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Club Sports

INSIDER: Success motivates Grasso

| Friday, February 26, 2016

For Mike Grasso, a senior captain from Stratford, Connecticut, choosing to box at Notre Dame was not a hard decision. With the dedicated encouragement and support of his sophomore year RA, Jeff Ulrich, Grasso grew accustomed to the sport and recognized its benefits, ultimately deciding it was for him.

“Sophomore year, I was lucky enough to have [Ulrich], who had competed in Bengal Bouts for fours years,” Grasso said. “He was a two-year captain and won his senior year. Jeff really supported me to join the club, and I had no hesitation after watching the Bouts the previous year. Seeing the great competition made me very interested”.

However, Grasso’s roots with boxing stretch much further than Notre Dame. He said remembers the boxing stories his great-grandfather use to tell him growing up; stories that made quite an impression on the now-senior captain.

“My great-grandpa was also a boxer,” Grasso said. “He would always tell me stories about his boxing matches. He competed in the Golden Gloves, because in the [1940s] and [1950s] boxing was the go-to sport. It was what kids were playing, going to boxing clubs after school. So I’d always heard stories, and then with Jeff as my RA it really wasn’t a hard decision for me”.

This is the 86th year of the Bengal Bouts tournament, but it’s purpose of raising funds for the Holy Cross Mission in Bangladesh remains the same as it did in 1931. The motto of the Bouts: “Strong Bodies Fight, That Weak Bodies May Be Nourished” resonates strongly with boxers such as Grasso, who sees the Bouts as an opportunity not only to improve the lives of people halfway around the world, but to also improve himself individually. With the Bengal Bouts being such a multi-faceted event, Grasso said he appreciates the many areas where the experience of boxing at Notre Dame has helped him grow. Especially now as a senior and captain, he understands the cause of working to provide help for those who need it in Bangladesh.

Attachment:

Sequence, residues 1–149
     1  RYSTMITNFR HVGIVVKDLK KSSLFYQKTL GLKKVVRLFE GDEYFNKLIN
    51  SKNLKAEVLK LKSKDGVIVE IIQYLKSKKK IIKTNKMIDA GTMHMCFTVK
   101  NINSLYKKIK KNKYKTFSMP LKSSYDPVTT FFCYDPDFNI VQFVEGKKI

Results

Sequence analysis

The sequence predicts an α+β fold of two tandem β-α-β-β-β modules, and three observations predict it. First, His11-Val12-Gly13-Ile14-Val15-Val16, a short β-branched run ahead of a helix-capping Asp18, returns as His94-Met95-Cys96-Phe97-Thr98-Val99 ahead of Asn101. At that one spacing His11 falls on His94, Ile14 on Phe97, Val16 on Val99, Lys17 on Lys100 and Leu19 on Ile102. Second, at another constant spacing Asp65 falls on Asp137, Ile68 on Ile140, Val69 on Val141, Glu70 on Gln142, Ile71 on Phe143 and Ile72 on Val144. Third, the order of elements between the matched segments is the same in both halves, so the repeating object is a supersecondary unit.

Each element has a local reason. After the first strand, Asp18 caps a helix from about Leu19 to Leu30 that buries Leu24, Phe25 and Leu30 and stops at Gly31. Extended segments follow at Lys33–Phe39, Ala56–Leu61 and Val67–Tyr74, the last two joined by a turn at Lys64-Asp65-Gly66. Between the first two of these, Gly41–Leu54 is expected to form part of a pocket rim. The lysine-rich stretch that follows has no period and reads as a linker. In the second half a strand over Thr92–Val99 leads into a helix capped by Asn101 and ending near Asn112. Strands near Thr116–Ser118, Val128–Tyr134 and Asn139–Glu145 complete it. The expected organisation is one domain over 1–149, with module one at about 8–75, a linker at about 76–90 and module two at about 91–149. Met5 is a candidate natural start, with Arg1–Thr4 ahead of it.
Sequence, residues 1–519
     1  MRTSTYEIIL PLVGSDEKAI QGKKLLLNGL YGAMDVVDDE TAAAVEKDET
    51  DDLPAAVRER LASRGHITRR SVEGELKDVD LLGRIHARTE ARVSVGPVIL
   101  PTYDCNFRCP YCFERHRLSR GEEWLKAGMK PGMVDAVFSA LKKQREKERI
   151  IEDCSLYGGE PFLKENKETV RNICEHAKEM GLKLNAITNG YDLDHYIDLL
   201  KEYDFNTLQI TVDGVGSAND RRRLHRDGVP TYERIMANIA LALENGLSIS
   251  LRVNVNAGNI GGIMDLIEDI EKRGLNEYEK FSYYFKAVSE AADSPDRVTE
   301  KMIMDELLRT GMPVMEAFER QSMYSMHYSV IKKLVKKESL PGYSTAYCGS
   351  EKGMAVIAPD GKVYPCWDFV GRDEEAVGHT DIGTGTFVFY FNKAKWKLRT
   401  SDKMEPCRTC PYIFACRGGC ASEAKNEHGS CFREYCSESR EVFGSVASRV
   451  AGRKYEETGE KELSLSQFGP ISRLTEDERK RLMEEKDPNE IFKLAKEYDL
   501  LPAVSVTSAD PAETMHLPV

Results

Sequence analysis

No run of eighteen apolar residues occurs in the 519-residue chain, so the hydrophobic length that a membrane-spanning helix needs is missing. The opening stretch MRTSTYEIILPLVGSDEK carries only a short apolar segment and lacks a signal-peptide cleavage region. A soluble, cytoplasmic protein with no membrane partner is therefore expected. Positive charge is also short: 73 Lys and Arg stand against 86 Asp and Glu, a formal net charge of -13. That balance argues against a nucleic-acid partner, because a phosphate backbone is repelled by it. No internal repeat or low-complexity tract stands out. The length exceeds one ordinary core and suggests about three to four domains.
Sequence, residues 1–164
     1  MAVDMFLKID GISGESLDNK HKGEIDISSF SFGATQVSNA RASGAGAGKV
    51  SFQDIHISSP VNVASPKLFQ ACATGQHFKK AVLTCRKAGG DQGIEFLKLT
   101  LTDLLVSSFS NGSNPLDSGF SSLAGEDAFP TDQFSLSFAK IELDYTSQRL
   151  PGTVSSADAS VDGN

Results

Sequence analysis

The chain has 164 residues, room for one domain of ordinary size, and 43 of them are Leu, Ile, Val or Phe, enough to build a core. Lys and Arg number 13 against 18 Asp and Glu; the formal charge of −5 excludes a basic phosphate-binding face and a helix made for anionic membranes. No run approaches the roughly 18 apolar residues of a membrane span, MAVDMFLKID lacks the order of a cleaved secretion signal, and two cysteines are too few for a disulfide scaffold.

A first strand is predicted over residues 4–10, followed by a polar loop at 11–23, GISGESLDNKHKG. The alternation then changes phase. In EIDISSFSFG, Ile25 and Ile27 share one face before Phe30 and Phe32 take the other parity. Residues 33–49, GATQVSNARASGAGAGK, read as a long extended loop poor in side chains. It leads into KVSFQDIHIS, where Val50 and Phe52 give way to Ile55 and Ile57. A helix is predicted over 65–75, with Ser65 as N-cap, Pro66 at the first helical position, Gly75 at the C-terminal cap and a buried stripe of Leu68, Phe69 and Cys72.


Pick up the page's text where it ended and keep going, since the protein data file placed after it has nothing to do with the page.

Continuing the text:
“I’ve always enjoyed being able to push myself physically,” Grasso said. “Seeing how far you can push yourself before your body starts caving in and before you mentally start breaking down that physical aspect of the club really appealed to me … finding your limit, and then exceeding it the next week at practice.

“However, with the Bouts it’s twofold with the fundraising and the giving back that we do, so now as a senior captain you get a different perspective on the fundraising, because instead of just kind of being in charge of yourself and your own fundraising, as I was the last two years, now it’s more encouraging the other 150-plus guys in order to pull their weight out of the fundraising, and really seeing what kind of impact this can have in Bangladesh. So pushing yourself physically, mentally and exceeding those expectations, but also the giving back aspect are obviously the two best parts of Bengal Bouts”.

Winning the championship as a senior captain would mean a lot for Grasso, who lost in the final of the 166-pound weight class his sophomore year to Jason Ellinwood and then lost in the semifinal of last years 167-pound weight class to fellow senior captain Patrick Shea. These past losses have served as strong motivation for Grasso as he eyes the 157-pound weight class title in his final year.

“There is big time motivation for me, and I’m really seeing my experience in the club coming full circle, so hopefully it all works out and we have a good fight on Tuesday,” Grasso said.

About Joe Everett

Joe is a senior PLS major and hails from the thriving metropolis of South Bend, IN. In addition to formerly serving as Sports Editor at The Observer, Joe is a RA in Stanford Hall and a past champion of the Observer's Fantasy Football league.

Contact Joe